Prevent Brain Disorders With Fermented Foods – Tips for a Healthy Brain
We all want a healthy brain. After all, our squishy gray matter is our control tower, researchers at MIT discovered that the human brain can process images and interpret them in just a mere 13 milliseconds.
And that’s not all…every day you’re faced with thousands of decisions from whether to have ice cream for dinner to whether or not you should embark on a new relationship.
Your brain normally decides the value and weight of each decision on a risk versus reward scale. So, how can you prevent brain disorders, keep your mind sharp, and maintain the cognitive control you need to make the best decisions for your life?
The answer may surprise you.
As it turns out, the best way to take care of your brain is to take care of your gut – more specifically, your gut bacteria.
How Your Gut and Brain Are Inter-Connected
Your gut is home to an incomprehensible number of microbial life forms. In fact, there are more bacteria living in your gut right now than there are humans living on planet earth. That’s crazy!
The environment in your gut, or microbiome, can either help or hinder the spread of these tiny life forms. These bacteria are important for a number of reasons. They help synthesize different chemicals and compounds that affect just about every system in the body, and they are intimately linked with our brains.
A little-known side effect of an unhealthy gut is a leaky gut. When the gut’s permeability is compromised, chemicals can leak into the bloodstream and cause inflammation throughout the body.
This inflammation can even take place in the brain. Many different neurological and brain disorders, like Alzheimer’s disease and dementia, have strong correlations with a leaky gut and are the result of excess inflammation in the brain. The best way to prevent a leaky, permeable gut is to do whatever you can to improve the gut flora (or gut bacteria).
Dr. Nieuwdorp replaced patients’ unhealthy gut bacteria with balanced, flourishing gut flora and the results were nothing short of incredible. After the transplant, patients’ symptoms were greatly minimized or eliminated completely.
This not only demonstrates the link between the gut and all other parts of the body; it also shows the power that a change in diet can have for your overall health.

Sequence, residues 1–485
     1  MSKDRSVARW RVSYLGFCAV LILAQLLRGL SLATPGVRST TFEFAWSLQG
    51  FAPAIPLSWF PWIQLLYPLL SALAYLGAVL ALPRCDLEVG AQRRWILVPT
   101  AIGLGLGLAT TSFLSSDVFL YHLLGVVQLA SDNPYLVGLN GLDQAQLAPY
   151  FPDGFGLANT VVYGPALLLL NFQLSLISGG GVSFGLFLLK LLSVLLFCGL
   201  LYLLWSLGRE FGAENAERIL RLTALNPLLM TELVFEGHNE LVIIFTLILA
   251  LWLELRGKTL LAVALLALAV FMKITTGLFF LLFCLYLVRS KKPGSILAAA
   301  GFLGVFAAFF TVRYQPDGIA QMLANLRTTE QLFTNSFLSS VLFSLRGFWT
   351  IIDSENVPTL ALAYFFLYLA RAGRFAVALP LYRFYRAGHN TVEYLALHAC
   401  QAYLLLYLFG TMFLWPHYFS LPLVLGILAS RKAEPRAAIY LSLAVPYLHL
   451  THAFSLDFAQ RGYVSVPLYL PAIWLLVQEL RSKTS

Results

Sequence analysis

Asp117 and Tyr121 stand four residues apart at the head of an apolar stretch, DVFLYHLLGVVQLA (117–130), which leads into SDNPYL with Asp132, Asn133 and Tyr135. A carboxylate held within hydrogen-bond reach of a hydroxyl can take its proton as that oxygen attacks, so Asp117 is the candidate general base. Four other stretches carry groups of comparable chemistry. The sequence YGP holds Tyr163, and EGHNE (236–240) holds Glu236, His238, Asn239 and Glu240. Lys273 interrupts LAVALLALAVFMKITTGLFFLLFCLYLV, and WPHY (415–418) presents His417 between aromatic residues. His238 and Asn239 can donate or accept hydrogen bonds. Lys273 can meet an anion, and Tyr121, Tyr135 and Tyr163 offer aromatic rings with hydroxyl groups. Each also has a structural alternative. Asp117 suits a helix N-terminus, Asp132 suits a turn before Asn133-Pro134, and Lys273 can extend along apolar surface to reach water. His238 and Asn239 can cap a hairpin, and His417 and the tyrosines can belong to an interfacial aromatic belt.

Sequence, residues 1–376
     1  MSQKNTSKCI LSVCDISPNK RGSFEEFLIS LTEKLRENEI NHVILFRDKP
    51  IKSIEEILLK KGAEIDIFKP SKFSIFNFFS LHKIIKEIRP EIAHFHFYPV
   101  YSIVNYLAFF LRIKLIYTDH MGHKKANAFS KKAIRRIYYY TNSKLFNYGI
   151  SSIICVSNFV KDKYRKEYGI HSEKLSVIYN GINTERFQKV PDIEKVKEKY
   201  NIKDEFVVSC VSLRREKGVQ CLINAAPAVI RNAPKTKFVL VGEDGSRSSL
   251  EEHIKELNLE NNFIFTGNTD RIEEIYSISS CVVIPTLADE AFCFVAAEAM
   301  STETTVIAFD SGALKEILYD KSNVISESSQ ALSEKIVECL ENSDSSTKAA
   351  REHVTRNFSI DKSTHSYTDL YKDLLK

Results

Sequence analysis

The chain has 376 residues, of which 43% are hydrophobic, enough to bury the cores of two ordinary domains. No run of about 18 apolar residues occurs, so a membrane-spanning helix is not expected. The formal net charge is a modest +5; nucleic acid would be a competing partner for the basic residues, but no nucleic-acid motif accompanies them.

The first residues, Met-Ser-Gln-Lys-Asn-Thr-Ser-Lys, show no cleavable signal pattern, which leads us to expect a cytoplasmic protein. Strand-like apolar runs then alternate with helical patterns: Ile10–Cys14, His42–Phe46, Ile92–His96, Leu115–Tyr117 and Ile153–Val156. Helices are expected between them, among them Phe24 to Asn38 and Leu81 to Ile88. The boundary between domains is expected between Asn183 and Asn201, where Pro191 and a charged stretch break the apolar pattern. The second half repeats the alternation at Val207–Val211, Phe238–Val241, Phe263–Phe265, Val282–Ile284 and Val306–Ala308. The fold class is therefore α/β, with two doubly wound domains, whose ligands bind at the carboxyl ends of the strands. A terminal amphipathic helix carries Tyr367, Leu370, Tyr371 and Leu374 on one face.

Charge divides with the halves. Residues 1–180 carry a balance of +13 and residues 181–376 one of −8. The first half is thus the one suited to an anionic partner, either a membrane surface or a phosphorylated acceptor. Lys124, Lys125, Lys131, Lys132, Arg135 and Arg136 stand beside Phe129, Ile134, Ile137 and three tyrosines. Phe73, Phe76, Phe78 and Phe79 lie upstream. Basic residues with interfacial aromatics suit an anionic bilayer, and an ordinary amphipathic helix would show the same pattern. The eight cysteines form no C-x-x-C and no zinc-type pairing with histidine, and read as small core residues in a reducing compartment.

Make Your Gut Flora Flourish with Fermented Foods
Your gut flora loves fermented foods and this simple addition to your diet may help prevent brain disorders. These pickled or preserved foods are some of the most gut friendly foods you can add to your diet and may very well help you improve your overall gut health.
Fermentation is a natural process by which bacteria breaks down carbohydrates to produce other substances, like acids, gases, and alcohol.
These byproducts are probiotic, meaning they promote the overall growth and development of bacteria. By eating fermented foods you are feeding not only yourself but also the bacteria that lives in your gut.
Some popular fermented foods that you can add to your diet are:
- Apple cider vinegar
- Mixed pickles
- Pickled jicama
- Pickled garlic
- Pickled Jerusalem artichokes
Can’t get enough pickled vegetables? Try our natural antibiotic pickled salad here.
In addition to fermented foods, always include a combination of raw and cooked whole organic foods.
Foods that are high in sugars or animal products that have been treated with antibiotics can damage the bacteria living in your gut.
Not all the bacteria in your gut is good bacteria. In serious cases, the antibiotics in the food we consume can lead to especially resilient forms of harmful bacteria that can compromise gut health and affect the rest of the body. Similarly, plants treated with pesticides can also harm your microbiome, so it’s best to shop carefully, read labels, and avoid these as well.
You can also take supplements to enrich your microbiome. Prebiotic fibers, like inulin and fructooligosaccharides (FOS), can be purchased in powder form and added to almost anything.
By nourishing your gut flora you’re not just improving your brain health. A healthier gut may help you lose weight, manage blood sugar levels, and actively fight inflammation throughout the body. Who would have thought that the key to a healthier brain was in your stomach?
Any statements or claims about the possible health benefits conferred by any foods or supplements have not been evaluated by the Food & Drug Administration and are not intended to diagnose, treat, cure or prevent any disease.